The original title of this article ended with “including himself”. This was too long and a tad emo for my taste. By the way, is “emo” still a thing? I am decidedly not up to date with what the things are these days. Anyway, James Harrison had to overcome everything . . . including himself.

Seriously. I sat down to write an article about a retiring player who had been overlooked in the draft. One of those modern day nitpicks of a bygone era. The story I found though was far, far more complex. It is the story of a player who was faced with all of the worst career roadblocks. Yet, somehow he made it through.

While learning about his story, I couldn’t help but think of all the players who saw their careers end at those same roadblocks. As you read through this, I suggest you do the same. I also suggest you, like me, force yourself to remember this story so it not lost in the drama of his last few months in the NFL.

An Improbable Start

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Let’s all pause for a second and remember the random Era of Undrafted Kent State players turning into All Pro’s.¬†

Maturity issues plagued Harrison in high school. Though he was an accomplished linebacker, running back, and track star, he paid zero attention to his grades. He was also suspended for an obscene gesture on an opponent’s sideline. An incident that pales in comparison to challenging one assistant coach to a fight and shooting a BB gun at another.

Needless to say, these incidents caused large programs like Notre Dame and Nebraska to pull their scholarship offers. He was a very talented player, but, I mean, come on. A BB gun? He’s lucky anyone took a chance on him. Poor grades and suspensions are the two biggest roadblocks for college football hopefuls. Not mention, once more, he shot a BB gun at an assistant.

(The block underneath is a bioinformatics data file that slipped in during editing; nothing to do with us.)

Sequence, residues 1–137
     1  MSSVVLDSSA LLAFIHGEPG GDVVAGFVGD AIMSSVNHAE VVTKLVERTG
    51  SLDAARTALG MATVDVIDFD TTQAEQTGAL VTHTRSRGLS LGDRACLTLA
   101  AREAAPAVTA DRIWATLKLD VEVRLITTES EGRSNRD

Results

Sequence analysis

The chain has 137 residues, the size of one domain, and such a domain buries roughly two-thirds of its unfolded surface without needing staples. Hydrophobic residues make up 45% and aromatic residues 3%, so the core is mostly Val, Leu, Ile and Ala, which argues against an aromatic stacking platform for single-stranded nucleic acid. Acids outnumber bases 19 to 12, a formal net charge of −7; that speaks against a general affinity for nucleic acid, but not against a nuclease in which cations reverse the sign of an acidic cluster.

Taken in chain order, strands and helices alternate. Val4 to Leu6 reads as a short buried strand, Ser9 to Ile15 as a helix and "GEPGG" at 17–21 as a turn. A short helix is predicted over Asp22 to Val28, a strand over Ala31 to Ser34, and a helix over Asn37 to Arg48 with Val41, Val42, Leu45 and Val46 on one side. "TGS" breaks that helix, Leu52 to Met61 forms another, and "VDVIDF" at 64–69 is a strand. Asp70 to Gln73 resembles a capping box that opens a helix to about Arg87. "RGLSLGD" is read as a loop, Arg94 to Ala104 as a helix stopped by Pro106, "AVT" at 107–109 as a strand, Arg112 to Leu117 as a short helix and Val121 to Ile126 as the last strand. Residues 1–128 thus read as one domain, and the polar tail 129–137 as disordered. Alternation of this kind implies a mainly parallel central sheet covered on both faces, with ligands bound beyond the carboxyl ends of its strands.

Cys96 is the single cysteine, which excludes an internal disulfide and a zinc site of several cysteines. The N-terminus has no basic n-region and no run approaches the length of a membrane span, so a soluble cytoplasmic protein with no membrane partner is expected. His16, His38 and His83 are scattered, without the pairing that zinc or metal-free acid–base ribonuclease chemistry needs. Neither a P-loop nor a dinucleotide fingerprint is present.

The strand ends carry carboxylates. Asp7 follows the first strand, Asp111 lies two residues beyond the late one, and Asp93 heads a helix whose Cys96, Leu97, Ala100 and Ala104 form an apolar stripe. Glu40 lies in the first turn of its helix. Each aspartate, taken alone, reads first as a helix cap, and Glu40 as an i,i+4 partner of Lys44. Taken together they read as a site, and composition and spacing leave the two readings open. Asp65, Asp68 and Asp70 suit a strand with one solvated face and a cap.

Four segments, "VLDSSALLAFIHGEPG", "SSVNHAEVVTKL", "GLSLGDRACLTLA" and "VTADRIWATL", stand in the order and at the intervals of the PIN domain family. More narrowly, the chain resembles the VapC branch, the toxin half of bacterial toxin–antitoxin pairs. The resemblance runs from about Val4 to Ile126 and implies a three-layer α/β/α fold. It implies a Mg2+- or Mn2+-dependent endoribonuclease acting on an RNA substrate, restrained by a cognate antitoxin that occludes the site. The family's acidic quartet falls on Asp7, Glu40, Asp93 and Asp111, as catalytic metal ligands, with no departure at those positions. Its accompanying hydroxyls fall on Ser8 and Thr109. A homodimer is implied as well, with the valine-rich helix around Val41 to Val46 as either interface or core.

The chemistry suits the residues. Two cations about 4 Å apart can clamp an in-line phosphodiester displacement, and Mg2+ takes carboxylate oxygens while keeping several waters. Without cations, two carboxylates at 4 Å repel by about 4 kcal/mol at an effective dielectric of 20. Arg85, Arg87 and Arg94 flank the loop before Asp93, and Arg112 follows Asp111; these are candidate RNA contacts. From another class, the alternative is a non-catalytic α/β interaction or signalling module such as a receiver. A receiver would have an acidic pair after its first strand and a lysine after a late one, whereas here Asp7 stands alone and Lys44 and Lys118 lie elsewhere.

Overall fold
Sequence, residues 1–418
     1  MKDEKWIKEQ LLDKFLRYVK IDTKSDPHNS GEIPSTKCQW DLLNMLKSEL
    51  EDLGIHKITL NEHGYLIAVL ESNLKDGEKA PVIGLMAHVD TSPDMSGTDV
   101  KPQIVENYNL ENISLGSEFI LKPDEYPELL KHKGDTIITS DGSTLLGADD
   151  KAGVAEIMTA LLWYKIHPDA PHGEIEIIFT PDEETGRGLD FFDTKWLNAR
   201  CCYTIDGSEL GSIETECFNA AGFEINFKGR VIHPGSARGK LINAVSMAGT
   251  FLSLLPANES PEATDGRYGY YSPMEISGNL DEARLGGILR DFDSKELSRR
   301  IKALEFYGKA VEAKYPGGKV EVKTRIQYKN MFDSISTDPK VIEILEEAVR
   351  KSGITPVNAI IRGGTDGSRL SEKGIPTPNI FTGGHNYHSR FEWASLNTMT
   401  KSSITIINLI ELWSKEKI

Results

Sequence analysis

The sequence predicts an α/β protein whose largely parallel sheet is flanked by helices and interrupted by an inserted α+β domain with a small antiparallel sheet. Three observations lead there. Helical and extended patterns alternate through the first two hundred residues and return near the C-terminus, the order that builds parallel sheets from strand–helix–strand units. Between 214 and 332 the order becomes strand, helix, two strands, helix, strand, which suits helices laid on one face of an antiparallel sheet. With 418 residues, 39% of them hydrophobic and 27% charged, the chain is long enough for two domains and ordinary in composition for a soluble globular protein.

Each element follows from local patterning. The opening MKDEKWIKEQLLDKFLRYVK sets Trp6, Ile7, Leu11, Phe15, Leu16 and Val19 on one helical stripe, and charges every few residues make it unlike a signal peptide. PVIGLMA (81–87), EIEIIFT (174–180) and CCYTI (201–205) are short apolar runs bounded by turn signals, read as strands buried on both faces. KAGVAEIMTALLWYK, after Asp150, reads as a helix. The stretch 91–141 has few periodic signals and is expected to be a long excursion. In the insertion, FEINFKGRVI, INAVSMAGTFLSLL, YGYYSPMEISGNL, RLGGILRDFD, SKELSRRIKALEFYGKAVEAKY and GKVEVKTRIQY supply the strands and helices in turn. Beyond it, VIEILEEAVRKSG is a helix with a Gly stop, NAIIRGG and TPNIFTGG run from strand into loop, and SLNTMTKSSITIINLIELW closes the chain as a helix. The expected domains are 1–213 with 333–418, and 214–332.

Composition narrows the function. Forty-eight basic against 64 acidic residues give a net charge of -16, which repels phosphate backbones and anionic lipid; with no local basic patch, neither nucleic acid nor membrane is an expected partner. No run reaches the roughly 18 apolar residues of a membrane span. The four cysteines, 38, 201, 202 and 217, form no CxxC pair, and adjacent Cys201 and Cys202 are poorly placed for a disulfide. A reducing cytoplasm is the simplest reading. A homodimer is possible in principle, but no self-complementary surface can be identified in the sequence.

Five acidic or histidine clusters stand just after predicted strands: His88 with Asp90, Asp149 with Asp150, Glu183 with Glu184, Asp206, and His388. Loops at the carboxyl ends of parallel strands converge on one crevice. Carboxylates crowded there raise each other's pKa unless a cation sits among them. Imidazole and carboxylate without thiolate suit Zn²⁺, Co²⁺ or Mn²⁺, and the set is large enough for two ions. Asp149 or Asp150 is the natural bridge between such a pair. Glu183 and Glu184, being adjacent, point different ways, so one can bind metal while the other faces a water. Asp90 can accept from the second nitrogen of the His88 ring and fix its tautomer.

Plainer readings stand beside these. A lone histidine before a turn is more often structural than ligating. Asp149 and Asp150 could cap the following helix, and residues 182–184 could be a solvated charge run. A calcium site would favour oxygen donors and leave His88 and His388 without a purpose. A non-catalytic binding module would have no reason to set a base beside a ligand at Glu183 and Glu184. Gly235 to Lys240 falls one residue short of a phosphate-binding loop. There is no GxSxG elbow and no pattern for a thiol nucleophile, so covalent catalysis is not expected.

He ended up at Kent State where he had 106 tackles (13 for loss) in his first season. In his senior season, he had 98 tackles, 20 for loss, and 15 sacks. His last game was, ironically, against Ben Roethlesberger. Harrison finished the game with 12 tackles, 5 sacks, and a forced fumble. It is highly likely that one, he haunted Big Ben’s dream afterwards and two, maybe this is why the Steelers never gave up on him.

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At only six feet tall, he was considered too short to be a linebacker. Most teams also considered him, at 240 pounds, too light for defensive end. You can see why I thought this was a story about an underappreciated college player. Though ability to get to the quarterback would trump size in today’s game, it’s hard to blame GM’s for not foreseeing the Era of the Undrafted Kent State Player.

The Steelers took a chance on him . . . sort of. He was cut three times by the Steelers and once by the Ravens (random). While he still had all the talent from high school, he was haunted once more by his inability to study. Teammates said he would give up on plays he didn’t know and actually ask his coaches to take him out. At one point he even found himself exiled to NFL Europe.

By the way, the team he played for in NFL Europe was called the Rhein Fire, and I declare that the coolest name in the history of sports!

No Problems Over 30

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By the time he was 26, Harrison was seriously considering retirement. He had even fleshed out plans to become a veterinarian. A freak weight room accident sidelined Clark Hagans and Harrison stuck around. For his first few seasons he was primarily a special teams player. When Mike Tomlin took over the Steelers, Joey Porter was cut. This opened up a spot for Harrison.